Following two significant railroad incidents in 2013, the Federal Railroad Administration (FRA) began taking a sharper look at train crew sizes. Under the theory that human error was causing substantial harm to rail workers, the public, and the environment, the FRA proposed a minimum crew size on locomotives to ensure that at least two people were properly managing the train and catching oversights. The question is, what does the data say about train crew size?
The FRA first announced that it would regulate the issue in 2014, finally rolling out its first proposed rule in 2016. Labor unions and railroad companies weighed in during the public comment period, but after deliberation and a change in political leadership, the FRA withdrew the proposed rule in 2019. Following another change in political leadership, the FRA has issued a new proposed rule in 2022 treading the same logic as the first: two crew members are needed to prevent and/or mitigate train accidents to protect workers, the public, and the environment.
The new rule affords flexibility for regional carriers or passenger rail that does not present substantial risk, but the exact judgment on those risk is somewhat in the eye of the beholder.
We began an analysis of this question to understand railroad data centered around human error. Starting with reports from the National Transportation Safety Board and exploring multiple databases from the FRA, our ultimate conclusion is twofold: there is insufficient data to justify a crew size regulation, and from what data we can discern, the rule is unwarranted.
We first looked at the proportions of human error. Across time, this has remained proportional to overall train accidents. That is, when all train accident numbers decline, the number of human error accidents also declines by the same percentage. This has mean that human error is responsible for around 35 percent of all train accidents annually.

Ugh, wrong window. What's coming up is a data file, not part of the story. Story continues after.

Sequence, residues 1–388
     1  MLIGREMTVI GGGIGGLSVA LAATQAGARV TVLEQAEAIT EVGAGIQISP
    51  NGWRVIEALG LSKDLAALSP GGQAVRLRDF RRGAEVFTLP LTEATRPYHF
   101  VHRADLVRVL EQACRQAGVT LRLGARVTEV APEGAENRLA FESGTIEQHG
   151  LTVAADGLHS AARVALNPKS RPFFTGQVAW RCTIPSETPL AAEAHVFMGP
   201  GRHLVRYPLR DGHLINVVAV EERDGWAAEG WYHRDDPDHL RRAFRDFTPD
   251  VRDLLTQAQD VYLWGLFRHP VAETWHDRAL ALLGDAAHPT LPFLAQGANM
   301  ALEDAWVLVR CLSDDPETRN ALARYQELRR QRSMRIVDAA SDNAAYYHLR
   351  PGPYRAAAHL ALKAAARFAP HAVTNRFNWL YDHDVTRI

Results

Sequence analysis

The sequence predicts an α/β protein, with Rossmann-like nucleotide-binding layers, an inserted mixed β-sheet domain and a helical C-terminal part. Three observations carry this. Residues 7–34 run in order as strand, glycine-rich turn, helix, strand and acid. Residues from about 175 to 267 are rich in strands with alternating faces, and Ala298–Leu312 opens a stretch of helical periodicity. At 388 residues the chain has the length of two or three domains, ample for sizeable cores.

Next, we explored the cause codes attributed to human error. These issues include failure to apply brakes, failure to apply/remove a derail, and many more. We assessed the level of technology currently integrated into the rail sector, including but not limited to positive train control (PTC). We found that approximately 47 percent of human error codes had a solution that was technological – either in that technology could address/resolve the issue all on its own (e.g. PTC applying brakes to avoid incursion into a work zone) or by alerting the engineer or conductor to an issue. The remaining 53 percent require some type of personnel to address the issue.
With 35 percent of accidents resulting from human error, and 53 percent of those requiring a human solution, there are approximately 18 percent of train accidents demanding some type of human solution.
Some of those personnel-centric solutions, however are bound by certain regulatory language. One example is the human error cause code of of having a certified/qualified operator, which no software or hardware can detect. Others are issues that can be resolved or addressed by personnel outside of the locomotive, whether they are support roles or ground-based. While roughly half of human errors do seem to require personnel, it is not the case that they require the person to be in the locomotive, which diminishes the strength of the claim that a crew size mandate is necessary.